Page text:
Dollar Store Restriction — New Orleans

Decisions made by city officials in the aftermath of Hurricane Katrina in 2005 left some devastated areas of the city, especially New Orleans East and the Algiers neighborhood, particularly vulnerable to the invasive spread of dollar store chains. Almost 15 years later, these neighborhoods are facing a surplus of these stores. Three major chains now operate 36 locations in the city, but a full third of those concentrate in New Orleans East, an area with a population of about 75,000. Algiers, a neighborhood with about 25,000 residents, has six dollar stores (even more per resident than “The East” has).

One consequence of an over-abundance of dollar stores is that they crowd out full-service grocery stores, making it hard for local grocers to eke out a living and discouraging investment by traditional supermarket chains. Today, New Orleans East only has three full-service grocery stores and many of the city’s neighborhoods have qualified as “food deserts,” particularly because dollar stores do not carry fresh foods.

Fortunately, communities in New Orleans are taking action. As the dollar stores multiplied throughout the city, residents and businesses in New Orleans East and Algiers vocalized their concerns with representatives on the New Orleans City Council. Councilmember Cyndi Nguyen, who represents New Orleans East, and Councilmember Kristin Gisleson Palmer, whose district includes Algiers, took lead on confronting the problem.

Councilmember Palmer told us over email, “This is an issue that is critical to both of our districts considering the high number of small box retailers in the East and in Algiers. Our neighborhoods deserve a wide variety of businesses to address their day to day needs, and that means in part, ensuring the proper spacing between this type of retailer, to prevent them from dominating specific areas in the city.”

Standout Report and Recommendations

As an initial step in confronting dollar store concentration, the Council passed a motion in June of 2018 directing the New Orleans’ City Planning Commission to conduct a comprehensive study to “appropriately classify, define, and regulate ‘small box discount stores’” along a number of dimensions and criteria. The resulting study is one of the most detailed documents to date on the dollar store crisis. It also presents key findings that are consistent with ILSR’s own research, including that the number of dollar store locations generally correspond to low median income levels and that neighborhoods with the strongest dollar store presence tend to be food deserts.

The report also recommends increasing the allowable square footage for grocery stores and extending the city’s pre-existing Fresh Food Retailer Initiative, which provides direct low-interest and forgivable loans to retailers selling produce in low-income neighborhoods.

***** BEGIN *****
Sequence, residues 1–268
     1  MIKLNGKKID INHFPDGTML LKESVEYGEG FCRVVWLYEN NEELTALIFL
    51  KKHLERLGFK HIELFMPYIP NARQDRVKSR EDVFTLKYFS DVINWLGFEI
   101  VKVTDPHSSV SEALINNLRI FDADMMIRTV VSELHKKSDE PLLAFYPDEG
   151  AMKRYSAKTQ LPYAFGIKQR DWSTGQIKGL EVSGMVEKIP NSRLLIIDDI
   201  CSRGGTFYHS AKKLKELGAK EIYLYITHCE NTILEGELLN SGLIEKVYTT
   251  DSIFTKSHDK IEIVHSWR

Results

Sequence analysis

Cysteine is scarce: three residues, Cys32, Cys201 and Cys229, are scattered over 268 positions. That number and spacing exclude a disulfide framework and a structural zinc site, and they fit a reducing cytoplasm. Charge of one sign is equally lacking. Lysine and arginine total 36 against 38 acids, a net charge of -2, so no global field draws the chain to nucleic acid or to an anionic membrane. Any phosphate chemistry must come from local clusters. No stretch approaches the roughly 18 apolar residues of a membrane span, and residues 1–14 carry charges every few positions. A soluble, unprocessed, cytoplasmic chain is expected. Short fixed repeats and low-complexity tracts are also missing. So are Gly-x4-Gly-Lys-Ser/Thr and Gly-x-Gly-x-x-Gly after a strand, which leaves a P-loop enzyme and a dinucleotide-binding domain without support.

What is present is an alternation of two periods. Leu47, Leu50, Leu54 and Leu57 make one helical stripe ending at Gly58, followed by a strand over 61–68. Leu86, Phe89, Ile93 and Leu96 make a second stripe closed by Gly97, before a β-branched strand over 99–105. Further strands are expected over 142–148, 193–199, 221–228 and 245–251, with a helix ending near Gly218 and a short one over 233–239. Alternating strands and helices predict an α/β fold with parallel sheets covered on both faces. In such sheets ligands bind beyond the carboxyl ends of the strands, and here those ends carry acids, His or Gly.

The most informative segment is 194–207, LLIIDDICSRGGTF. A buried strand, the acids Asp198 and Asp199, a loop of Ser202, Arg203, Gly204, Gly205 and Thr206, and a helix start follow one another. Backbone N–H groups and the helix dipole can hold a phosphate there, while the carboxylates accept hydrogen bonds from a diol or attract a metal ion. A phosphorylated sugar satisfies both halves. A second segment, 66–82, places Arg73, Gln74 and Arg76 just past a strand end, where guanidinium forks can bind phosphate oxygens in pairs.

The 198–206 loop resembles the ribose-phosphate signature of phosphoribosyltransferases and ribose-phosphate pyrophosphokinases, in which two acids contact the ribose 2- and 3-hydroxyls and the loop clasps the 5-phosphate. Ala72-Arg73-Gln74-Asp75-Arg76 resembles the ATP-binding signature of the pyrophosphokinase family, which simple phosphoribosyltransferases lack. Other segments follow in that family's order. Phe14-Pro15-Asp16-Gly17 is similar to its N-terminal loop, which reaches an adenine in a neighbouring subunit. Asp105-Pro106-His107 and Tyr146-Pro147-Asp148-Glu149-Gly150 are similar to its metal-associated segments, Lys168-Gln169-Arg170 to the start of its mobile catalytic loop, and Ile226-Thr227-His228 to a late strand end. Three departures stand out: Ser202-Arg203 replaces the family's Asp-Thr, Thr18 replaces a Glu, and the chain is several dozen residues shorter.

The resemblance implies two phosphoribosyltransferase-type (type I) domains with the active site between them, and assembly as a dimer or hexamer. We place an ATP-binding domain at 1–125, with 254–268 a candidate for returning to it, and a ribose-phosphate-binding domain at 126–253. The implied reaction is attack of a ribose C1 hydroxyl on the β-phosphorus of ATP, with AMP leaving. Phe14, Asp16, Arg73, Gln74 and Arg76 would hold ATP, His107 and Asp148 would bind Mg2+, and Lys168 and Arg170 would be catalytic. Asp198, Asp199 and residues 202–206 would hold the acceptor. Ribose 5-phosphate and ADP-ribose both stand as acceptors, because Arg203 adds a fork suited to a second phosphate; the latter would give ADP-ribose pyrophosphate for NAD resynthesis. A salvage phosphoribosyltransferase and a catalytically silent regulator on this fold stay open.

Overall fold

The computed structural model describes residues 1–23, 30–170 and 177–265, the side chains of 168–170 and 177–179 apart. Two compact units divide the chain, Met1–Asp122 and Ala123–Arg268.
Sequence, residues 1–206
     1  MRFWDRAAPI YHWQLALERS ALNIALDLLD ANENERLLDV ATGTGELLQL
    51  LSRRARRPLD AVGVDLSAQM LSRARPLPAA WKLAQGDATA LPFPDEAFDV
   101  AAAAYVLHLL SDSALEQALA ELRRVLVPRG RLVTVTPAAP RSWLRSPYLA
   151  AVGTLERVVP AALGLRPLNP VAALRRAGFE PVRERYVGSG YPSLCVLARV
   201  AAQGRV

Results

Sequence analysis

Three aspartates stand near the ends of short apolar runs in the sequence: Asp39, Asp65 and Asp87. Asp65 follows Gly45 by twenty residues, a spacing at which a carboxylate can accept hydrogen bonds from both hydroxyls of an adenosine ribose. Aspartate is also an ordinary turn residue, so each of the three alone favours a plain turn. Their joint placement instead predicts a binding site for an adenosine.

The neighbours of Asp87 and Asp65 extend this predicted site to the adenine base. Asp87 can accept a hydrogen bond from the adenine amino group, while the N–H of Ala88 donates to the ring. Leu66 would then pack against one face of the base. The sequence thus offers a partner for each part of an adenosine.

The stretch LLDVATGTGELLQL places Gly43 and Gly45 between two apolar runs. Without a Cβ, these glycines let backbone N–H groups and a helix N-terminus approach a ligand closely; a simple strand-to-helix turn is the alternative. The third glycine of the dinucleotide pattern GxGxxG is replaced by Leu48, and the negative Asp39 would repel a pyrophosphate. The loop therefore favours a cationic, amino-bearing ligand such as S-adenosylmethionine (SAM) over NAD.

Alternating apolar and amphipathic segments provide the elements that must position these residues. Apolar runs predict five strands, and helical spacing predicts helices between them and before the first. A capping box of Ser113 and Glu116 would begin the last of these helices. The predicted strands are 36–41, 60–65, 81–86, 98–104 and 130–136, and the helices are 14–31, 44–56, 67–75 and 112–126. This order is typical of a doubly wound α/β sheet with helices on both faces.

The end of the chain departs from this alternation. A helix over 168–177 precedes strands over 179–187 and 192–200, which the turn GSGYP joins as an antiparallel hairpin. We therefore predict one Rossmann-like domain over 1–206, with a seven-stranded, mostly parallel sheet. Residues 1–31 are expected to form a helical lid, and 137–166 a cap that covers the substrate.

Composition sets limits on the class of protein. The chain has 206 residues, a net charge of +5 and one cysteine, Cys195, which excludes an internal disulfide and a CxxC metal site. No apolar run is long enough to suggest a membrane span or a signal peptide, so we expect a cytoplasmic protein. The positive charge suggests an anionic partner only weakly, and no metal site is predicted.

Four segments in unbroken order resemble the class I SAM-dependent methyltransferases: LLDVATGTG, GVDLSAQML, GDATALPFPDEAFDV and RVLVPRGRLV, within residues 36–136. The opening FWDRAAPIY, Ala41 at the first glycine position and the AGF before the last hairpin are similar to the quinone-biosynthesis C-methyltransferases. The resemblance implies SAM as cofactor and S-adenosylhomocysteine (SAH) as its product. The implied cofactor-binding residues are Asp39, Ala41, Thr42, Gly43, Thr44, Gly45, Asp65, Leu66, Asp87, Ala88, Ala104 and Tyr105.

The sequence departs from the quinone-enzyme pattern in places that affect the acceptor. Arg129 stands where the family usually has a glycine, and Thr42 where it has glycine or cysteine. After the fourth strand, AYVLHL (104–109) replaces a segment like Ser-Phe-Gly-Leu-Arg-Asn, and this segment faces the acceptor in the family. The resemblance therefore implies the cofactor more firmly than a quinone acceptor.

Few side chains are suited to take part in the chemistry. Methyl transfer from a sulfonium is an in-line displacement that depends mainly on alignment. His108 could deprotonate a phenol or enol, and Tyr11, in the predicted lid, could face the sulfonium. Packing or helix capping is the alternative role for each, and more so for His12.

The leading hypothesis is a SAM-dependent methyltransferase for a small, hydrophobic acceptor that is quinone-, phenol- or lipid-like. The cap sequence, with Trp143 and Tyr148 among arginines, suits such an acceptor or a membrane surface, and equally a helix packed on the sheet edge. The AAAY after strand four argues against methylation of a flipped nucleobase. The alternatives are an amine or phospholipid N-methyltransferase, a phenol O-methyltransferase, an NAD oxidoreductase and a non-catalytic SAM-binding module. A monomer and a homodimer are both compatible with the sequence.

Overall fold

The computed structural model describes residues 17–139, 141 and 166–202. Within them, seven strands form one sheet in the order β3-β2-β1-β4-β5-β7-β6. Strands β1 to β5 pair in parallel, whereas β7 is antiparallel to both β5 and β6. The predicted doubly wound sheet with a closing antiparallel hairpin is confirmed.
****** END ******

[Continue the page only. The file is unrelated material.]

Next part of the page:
On October 17, 2019, the New Orleans’ City Council acted on the study’s recommendations by approving changes to the City’s Comprehensive Zoning Ordinance. These changes limit dollar store oversaturation in the city by creating a two-mile dispersal restriction for the stores that includes New Orleans East and Algiers. A one-mile restriction will apply elsewhere in the city.

On November 7, 2019, also at the recommendation of the Planning Commission, the City Council approved several regulatory changes to encourage agricultural development. This City altered zoning language and use standards related to food, allowing urban farmers to produce, package, and sell value-added food products on land designated for for agricultural use.

Public Support for Dollar Stores Rules and Recommendations

In developing their new rules, the Planning Commission engaged a range of experts and community members — including grocers, small business owners, and other stakeholders — and garnered a strong show of support. Elisa Muñoz-Miller, Executive Director of New Orleans Food Policy Advisory Committee, a group that advised and advocated for the changes, welcomed the decisions. “The changes to the CZO reflect the Council’s commitment to ensuring all New Orleanians have access to fresh, healthy food,” she said. Dana Eness and Maryann Miller of New Orleans’ Stay Local, a local independent business alliance, testified in support of the changes on behalf of their members, and cited ILSR’s work on the issue. “This is the right step after finding that the proliferation of dollar stores is deterring full-service grocers from opening in some neighborhoods.”

More


Below we have excerpted the relevant zoning ordinance language adopted by the New Orleans. The City Council’s agendas are available here for October 17, and here for November 7. The full text of the City’s Zoning Ordinance can be found here.


The dollar store motion appears in the City Council’s agenda from October 17 this way:

  1. ZONING DOCKET NO. 78/19 –CITY COUNCIL MOTION NO. M-19-237

Brief:

Requesting Text amendments to the Comprehensive Zoning Ordinance that will incorporate recommendations and initiatives contained in the2018 “Small Box Retail Diversity Study” including but not limited to:

  • Establish and/or revise definitions of Small Box Variety Store, Fresh or Fresh Frozen Food, and Grocery Store.
  • Define and or update applicable use standards for Small Box Variety Store. Small Box Variety Store standards Should include area restrictions and spacing requirements between such stores, as well as trash, litter cleanup, and storage requirements.